Psalm 92:9



Verse 9. For, lo, thine enemies, O Lord. It is a wonder full of instruction and warning, observe it, O ye sons of men; for, lo, thine enemies shall parish; they shall cease from among men, they shall be known no more. In that the thing is spoken twice it is confirmed by the Lord, it shall surely be, and that speedily.

All the workers of iniquity shall be scattered; their forces shall be dispersed, their hopes broken, and themselves driven hither and thither like chaff before the tempest. They shall scatter like timid sheep pursued by the lion, they will not have the courage to remain in arms, nor the unity to abide in confederacy. The grass cannot resist the scythe, but falls in withering ranks, even so are the ungodly cut down and swept away in process of time, while the Lord whom they despised sits unmoved upon the throne of his infinite dominion. Terrible as this fact is, no true hearted heart would wish to have it otherwise. Treason against the great Monarch of the universe ought not to go unpunished; such wanton wickedness richly merits the severest doom.



Verse 9. "Lo thine enemies"; "lo thine enemies." He represents their destruction as present, and as certain, which the repetition of the words implies. --Matthew Pool.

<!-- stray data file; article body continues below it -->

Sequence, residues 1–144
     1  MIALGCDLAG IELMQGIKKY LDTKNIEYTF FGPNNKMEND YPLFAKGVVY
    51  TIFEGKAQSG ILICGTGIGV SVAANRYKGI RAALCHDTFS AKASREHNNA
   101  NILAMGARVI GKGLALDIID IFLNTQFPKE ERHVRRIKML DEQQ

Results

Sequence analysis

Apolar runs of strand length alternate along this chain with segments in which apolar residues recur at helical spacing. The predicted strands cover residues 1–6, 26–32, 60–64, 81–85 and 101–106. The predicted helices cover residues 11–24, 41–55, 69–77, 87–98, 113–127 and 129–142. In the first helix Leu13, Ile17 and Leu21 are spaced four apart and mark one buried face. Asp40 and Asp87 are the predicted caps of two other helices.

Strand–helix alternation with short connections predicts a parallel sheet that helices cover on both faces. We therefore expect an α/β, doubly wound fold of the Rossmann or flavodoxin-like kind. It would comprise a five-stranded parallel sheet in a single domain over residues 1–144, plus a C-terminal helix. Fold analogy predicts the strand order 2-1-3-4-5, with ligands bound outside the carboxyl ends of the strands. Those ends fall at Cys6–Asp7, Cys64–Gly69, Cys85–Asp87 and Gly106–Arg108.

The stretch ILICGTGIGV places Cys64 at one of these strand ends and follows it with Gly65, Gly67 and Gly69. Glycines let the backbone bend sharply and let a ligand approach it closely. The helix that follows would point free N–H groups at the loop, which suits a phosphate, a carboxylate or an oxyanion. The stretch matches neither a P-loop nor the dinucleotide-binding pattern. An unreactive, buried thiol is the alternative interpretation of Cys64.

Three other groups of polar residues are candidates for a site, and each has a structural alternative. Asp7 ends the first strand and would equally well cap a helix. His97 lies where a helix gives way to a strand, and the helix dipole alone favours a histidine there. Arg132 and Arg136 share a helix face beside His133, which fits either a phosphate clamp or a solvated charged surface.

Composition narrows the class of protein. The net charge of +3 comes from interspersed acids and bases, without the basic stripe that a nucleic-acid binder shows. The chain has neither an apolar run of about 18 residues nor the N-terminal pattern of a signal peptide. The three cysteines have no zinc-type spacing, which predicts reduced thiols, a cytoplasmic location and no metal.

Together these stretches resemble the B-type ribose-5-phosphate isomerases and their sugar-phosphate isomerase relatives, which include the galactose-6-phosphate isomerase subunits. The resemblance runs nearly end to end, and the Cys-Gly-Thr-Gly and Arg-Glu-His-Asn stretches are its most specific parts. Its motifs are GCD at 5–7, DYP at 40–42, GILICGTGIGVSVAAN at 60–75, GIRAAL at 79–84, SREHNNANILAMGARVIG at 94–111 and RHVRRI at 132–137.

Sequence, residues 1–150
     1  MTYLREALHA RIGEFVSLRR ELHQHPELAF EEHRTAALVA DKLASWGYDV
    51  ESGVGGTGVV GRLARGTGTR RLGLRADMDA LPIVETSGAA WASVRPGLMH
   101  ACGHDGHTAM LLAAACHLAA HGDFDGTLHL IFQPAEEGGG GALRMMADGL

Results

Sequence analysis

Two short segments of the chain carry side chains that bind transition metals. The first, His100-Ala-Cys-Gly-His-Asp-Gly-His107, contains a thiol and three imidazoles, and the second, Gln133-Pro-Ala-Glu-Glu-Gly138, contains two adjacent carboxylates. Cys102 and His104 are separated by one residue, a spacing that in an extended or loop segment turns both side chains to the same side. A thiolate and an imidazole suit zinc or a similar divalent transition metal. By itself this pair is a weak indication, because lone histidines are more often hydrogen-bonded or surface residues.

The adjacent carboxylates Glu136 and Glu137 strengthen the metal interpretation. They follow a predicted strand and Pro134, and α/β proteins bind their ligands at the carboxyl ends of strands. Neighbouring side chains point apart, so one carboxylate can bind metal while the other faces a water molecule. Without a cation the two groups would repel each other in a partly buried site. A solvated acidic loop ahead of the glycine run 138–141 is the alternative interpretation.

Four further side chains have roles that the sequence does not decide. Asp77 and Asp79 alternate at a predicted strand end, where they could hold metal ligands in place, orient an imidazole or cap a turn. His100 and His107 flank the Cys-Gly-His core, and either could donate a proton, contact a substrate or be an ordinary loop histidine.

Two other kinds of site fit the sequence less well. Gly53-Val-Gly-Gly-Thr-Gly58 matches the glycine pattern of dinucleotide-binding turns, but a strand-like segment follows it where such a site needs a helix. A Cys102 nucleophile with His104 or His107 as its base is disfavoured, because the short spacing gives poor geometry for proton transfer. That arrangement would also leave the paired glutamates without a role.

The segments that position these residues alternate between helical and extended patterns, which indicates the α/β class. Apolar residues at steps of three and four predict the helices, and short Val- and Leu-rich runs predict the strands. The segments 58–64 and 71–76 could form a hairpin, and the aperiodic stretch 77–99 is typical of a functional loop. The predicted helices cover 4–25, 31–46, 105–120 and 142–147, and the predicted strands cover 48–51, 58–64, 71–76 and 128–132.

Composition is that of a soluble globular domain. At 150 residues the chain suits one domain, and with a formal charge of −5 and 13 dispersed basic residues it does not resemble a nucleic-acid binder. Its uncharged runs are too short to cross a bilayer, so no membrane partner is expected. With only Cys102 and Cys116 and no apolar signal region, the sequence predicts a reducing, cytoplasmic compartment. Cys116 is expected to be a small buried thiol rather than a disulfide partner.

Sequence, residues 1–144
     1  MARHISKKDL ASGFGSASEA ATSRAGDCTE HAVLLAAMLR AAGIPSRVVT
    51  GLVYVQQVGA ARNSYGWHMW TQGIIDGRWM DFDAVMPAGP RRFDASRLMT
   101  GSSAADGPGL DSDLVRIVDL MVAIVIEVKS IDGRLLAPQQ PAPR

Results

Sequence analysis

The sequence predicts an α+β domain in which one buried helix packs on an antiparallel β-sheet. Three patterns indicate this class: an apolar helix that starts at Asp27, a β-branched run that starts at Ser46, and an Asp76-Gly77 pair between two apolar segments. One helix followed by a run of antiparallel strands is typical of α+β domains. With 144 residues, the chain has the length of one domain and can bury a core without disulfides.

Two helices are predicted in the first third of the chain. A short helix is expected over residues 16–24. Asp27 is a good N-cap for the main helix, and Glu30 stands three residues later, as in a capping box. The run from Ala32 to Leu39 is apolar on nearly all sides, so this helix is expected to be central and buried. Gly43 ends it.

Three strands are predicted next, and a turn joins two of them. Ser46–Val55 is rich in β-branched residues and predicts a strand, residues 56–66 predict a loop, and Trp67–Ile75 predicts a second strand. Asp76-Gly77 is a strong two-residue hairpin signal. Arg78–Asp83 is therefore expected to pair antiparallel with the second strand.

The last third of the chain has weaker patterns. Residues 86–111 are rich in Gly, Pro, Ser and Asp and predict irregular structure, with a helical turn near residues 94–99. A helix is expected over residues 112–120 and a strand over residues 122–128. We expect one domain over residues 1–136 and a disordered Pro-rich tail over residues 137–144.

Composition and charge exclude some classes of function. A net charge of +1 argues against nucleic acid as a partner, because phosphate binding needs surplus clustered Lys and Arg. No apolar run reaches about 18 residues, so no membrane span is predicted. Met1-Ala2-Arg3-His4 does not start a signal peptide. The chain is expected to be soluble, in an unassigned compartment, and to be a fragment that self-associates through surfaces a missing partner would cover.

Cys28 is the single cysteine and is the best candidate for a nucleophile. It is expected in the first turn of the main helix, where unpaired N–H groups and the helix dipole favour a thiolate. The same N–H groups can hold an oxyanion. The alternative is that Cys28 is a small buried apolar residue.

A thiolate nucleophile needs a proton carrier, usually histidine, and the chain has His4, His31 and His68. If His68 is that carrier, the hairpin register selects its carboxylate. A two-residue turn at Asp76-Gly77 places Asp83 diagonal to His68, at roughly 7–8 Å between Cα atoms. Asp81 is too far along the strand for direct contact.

Verse 9. Thine enemies shall perish. This is the only Psalm in the Psalter which is designated a Sabbath song. The older Sabbath was a type of our rest in Christ from sin; and therefore the final extirpation of sin forms one of the leading subjects of the psalm. -- Joseph Francis Thrupp.

Verse 9. All the workers of iniquity shall be scattered. The wicked may unite and confederate together, but the bands of their society are feeble. It is seldom that they long agree together; at least as to the particular object of their pursuit. Though they certainly harmonize in the general one, that of working iniquity. But God will soon by his power, and in his wrath, confound and scatter them even to destruction. --Samuel Burder.